Thursday, 2 September 2010: 11:00 AM
Alpine Ballroom A (Resort at Squaw Creek)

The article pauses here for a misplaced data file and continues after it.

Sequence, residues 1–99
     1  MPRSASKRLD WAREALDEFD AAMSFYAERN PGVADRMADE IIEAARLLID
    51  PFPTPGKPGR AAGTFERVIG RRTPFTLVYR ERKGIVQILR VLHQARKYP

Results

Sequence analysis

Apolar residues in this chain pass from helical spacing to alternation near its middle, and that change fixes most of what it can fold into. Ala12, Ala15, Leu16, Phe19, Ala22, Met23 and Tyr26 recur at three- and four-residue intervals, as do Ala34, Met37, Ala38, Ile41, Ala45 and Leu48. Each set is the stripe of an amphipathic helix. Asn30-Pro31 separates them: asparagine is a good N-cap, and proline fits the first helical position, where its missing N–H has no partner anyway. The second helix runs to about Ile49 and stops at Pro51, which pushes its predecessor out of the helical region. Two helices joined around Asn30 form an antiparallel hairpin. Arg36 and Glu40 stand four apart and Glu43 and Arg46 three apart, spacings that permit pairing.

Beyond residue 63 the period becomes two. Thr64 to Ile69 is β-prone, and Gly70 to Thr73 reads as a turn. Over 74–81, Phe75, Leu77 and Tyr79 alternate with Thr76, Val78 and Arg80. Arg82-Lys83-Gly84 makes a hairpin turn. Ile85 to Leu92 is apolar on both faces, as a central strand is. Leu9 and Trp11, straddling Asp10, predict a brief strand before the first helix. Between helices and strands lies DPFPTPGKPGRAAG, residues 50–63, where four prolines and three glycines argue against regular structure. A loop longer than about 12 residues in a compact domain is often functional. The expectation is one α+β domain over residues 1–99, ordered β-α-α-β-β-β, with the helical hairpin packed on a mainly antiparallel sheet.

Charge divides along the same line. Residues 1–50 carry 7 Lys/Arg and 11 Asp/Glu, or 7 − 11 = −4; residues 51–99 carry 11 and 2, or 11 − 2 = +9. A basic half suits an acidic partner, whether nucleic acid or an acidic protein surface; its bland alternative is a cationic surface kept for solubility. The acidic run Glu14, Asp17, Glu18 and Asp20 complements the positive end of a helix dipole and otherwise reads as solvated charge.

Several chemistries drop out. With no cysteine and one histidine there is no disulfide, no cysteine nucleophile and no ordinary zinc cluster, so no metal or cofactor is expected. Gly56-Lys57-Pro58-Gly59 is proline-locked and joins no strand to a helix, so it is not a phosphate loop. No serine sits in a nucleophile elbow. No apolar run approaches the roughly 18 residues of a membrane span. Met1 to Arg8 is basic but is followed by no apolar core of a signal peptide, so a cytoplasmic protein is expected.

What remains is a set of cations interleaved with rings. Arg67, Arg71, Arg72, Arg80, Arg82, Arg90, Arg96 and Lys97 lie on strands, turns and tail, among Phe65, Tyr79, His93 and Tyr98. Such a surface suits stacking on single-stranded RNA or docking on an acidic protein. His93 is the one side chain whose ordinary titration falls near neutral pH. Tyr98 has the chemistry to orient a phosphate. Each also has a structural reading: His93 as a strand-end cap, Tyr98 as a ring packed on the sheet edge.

The climatology and interannual variability of synoptic-scale ascending motion is examined over the Western United States. Using ERA-Interim reanalysis grids every 6 hours from 1 October- 30 April within the 20-year period from 1989-2008, several statistical measures are used to summarize the occurrence and variability of positive convergence of the quasi-geostrophic Q-vector at multiple pressure levels, which is assumed to represent forcing for synoptic scale upward vertical motion. Case studies are employed to present a more detailed examination of the temporal and spatial evolution of the convergent Q-vector field, revealing an inclusive range of structures and scales as well as the interaction of synoptic systems with the underlying terrain of the western United States. Year-to-year variability in the intensity of synoptic scale weather systems is represented by the standardized anomaly of accumulated positive Q-vector convergence, at each grid point, with respect to its long-term mean. This approach is in contrast to the more traditional use of the seasonal departure in mid-tropospheric heights from the long-term average. Subsequently, the linkage between interannual variations in precipitation and synoptic forcing is explored on the regional scale as well as over narrow mountain barriers in Northern Utah.
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